Trader Joe’s Turkey-less Roast is a budget-friendly holiday entrée.

4. Trader Joe’s

Trader Joe’s has a cult following with good reason. The popular grocery store chain celebrated in online groups (Vegan Trader Joe’s has more than 26,000 members on Facebook) for its budget-friendly options. For the past few years, Trader Joe’s Breaded Turkey-less Stuffed Roast With Gravy has been part of the grocery store’s holiday assortment. It features a wild rice stuffing core surrounded by soy protein and grain meat coated with a crisp herb breading.

You can also make your own vegan stuffed roast. | Sweet Simple Vegan

5. Homemade Vegan Holiday Roast

While there are plenty of convenient options for vegan roasts, you can also try your hand at making your own. This meat-free stuffed roast is made from a blend of seitan and white beans and features a kabocha, mushroom, and everything bagel-spiced stuffing.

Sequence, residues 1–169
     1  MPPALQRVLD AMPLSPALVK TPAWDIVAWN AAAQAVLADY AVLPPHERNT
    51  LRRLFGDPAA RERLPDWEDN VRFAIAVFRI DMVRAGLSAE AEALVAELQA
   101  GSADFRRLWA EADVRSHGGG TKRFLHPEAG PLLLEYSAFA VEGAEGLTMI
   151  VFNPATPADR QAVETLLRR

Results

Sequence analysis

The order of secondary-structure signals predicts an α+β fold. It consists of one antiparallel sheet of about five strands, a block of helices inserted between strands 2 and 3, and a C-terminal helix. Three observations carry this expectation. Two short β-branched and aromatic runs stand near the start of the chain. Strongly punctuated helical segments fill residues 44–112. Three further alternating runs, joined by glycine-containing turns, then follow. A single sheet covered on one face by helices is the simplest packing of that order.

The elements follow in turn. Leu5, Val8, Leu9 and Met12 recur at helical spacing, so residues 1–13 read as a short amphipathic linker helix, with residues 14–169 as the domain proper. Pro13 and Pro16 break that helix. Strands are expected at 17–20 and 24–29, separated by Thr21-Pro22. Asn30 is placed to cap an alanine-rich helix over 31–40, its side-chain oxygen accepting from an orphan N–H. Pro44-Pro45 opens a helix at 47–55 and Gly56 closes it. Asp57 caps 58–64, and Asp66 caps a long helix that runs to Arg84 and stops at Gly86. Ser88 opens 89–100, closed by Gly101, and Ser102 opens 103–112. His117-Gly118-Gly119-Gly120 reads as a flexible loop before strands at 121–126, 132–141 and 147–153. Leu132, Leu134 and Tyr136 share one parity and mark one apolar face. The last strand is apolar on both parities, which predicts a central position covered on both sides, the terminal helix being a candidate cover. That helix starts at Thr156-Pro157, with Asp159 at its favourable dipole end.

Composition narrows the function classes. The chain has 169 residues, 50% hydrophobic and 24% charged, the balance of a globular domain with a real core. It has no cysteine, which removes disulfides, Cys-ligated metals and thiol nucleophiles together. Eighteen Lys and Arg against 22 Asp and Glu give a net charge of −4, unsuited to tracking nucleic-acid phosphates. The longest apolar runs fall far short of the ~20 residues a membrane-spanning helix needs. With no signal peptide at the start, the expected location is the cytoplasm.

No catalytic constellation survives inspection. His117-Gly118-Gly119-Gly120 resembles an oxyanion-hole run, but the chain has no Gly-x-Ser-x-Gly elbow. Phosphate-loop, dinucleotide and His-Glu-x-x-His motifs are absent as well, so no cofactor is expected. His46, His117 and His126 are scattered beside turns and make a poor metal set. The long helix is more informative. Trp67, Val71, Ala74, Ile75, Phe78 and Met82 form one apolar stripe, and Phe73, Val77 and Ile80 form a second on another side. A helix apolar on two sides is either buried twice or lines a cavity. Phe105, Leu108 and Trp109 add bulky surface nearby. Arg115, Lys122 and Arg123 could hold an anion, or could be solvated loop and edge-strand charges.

Get the recipe here.

Forget turduckens, the vegducken is where it’s at. | hot for food

6. The Vegducken

Move over, turducken. Vegan blogger and cookbook author Lauren Toyota’s “franken-veg” entrée features a whole, roasted butternut squash wrapped around zucchini, eggplant, and a classic holiday stuffing.

Get the recipe here.

Who could resist something covered in mashed potatoes? | Pickled Plum

7. Vegan Thanksgiving Shepherd’s Pie

A meatless shepherd’s pie filled with lentils, mushrooms, vegetables, and herbs covered with a layer of dairy-free mashed potatoes that brown up in the oven. Need we say more?

Get the recipe here.